I don’t really drink stuff like this very often, but since this tea is among those that I think some of us have had, back when it was fresh off the press, I bought one for fun this time in Hong Kong to try it out. The reason I got it is not because this tea is amazing, rare, or anything — far from it. Rather, it’s because it’s been traditionally stored. People often wonder what this process does, exactly, to a tea. Here’s a good example of it.
I still remember seeing this tea in Beijing when I was living there, and it sold for about $3 USD. This time, I paid close to $25 to buy it, so it felt pricey. Then again, buying tea in Hong Kong is never going to be that cheap, but if you go troll the tea markets in China, I’m sure you can still find dry stored versions of this cake selling for probably $10.
Haiwan tea factory was founded and headed by Zou Bingliang, who used to be the head of the Menghai factory, and is credited with having co-invented the process to make cooked puerh. Like a lot of others who were in leadership position at Menghai, Zou struck out on his own in the late 90s and early 2000s, and I think among the slew of factories that started around that time by Menghai alum (Guoyan, 6FTM, Haiwan, etc) his outfit is probably one of the better and more successful one. Lao Tongzhi is pretty much the base cake for the factory — the lowest tier mass market tea. I remember trying the very young version of this tea, and it tasted like any big factory, newly pressed cake — bitter, rough, but powerful in the hard hitting sort of way. The tea was not something you’d particularly enjoy drinking, but hope it will get better with time. An interesting thing to note about this tea is that it says “nongxiang xing” on the left — intense flavour type, literally. I have, however, never seen any other types of LTZ cakes, so I think this is all just silly marketing speak.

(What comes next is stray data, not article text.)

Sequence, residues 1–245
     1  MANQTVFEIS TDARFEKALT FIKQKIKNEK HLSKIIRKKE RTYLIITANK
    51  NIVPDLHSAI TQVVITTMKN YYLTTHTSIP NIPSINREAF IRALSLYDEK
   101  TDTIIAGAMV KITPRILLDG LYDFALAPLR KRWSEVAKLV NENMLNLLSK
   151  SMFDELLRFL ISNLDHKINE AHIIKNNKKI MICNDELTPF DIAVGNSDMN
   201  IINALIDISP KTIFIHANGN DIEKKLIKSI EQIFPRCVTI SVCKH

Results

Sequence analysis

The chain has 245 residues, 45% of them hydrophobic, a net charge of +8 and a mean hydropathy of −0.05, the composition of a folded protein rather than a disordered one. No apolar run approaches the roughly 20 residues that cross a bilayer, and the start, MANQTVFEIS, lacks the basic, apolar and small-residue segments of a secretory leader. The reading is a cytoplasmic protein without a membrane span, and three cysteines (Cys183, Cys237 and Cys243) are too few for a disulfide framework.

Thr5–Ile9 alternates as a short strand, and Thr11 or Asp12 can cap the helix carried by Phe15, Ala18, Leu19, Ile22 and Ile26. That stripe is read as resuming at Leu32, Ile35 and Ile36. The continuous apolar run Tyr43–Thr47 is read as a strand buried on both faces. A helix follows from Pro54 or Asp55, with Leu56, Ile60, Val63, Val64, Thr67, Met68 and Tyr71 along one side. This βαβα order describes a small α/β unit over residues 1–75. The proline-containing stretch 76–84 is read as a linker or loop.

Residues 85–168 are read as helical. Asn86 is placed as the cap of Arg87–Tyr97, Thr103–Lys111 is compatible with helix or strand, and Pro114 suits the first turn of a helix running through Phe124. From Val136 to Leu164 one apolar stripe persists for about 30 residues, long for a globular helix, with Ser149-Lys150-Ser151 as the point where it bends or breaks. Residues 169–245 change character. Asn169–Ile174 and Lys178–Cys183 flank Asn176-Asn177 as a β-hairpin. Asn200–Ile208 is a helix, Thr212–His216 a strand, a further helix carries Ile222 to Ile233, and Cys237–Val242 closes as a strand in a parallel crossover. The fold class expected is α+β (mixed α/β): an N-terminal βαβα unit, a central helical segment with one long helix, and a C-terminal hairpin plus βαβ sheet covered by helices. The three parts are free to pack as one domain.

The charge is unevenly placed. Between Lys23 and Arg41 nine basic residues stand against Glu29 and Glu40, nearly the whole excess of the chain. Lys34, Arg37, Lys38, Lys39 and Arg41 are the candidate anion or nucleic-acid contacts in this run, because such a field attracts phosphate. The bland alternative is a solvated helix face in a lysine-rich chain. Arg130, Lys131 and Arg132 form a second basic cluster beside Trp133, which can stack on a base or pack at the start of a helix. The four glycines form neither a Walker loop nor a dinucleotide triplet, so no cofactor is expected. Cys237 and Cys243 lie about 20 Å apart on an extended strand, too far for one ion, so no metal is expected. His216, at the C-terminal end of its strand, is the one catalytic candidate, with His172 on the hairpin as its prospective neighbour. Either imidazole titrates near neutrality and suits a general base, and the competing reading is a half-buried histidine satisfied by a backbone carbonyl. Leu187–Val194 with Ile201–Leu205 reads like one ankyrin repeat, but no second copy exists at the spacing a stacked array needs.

Since this cake is traditionally stored though, it’s not your run of the mill 2006 vintage young puerh. Right away, the smell is obvious when you open the wrapper. The cake also looks visibly darker.
There’s a reason puerh is a heicha (black tea).
There’s some white frosting on the cake, although nothing too serious. It’s not white all over, and once I crack it open, the interior is quite ok. Traditional storage can be overdone — as you sometimes see cakes that literally are covered in white hair. This is medium.
The tea looks dark too, when you brew it.
I believer it’s very important to educate yourself with stuff like this to get a sense of how a 5 years old, traditionally stored tea tastes like. If you don’t know what it’s like, then it is very easy for someone to come by and tell you that the tea is actually 15 years old, and you would not be able to tell the difference. In the cup, the tea is still a little sharp – the storage taste is quite present, and needs time to fade. The underlying bitterness still exists, although having aired it out for a week now since I got back, the tea is already somewhat sweeter. There’s decent body, nice aromatics that range from what Toki would call granny powder to dried leaves. Good, solid traditionally stored pu that needs some time to age. If I were to buy more of this, I’d just leave it around for a few years, and I think the tea will then progress to something quite nice. It is also necessary — after all, part of the process of storing a tea traditionally is to tuicang (退倉) process, to both reduce the immediate smell of the storage as well as further aging the cake. Stuff that just came out of the basement is not meant for consumption.
The wet leaves are various shades of green and brown, a typical look for this sort of storage condition. Note how none of the leaves are black or stiff — they should retain flexibility, if they are well stored.
All in all — a pretty enjoyable drink, I think. More importantly, this tea has gone from pretty undrinkable to pretty drinkable within a span of five years. I’m pretty sure that if you pick up a 2006 LTZ from Kunming, it’s still going to be fairly nasty.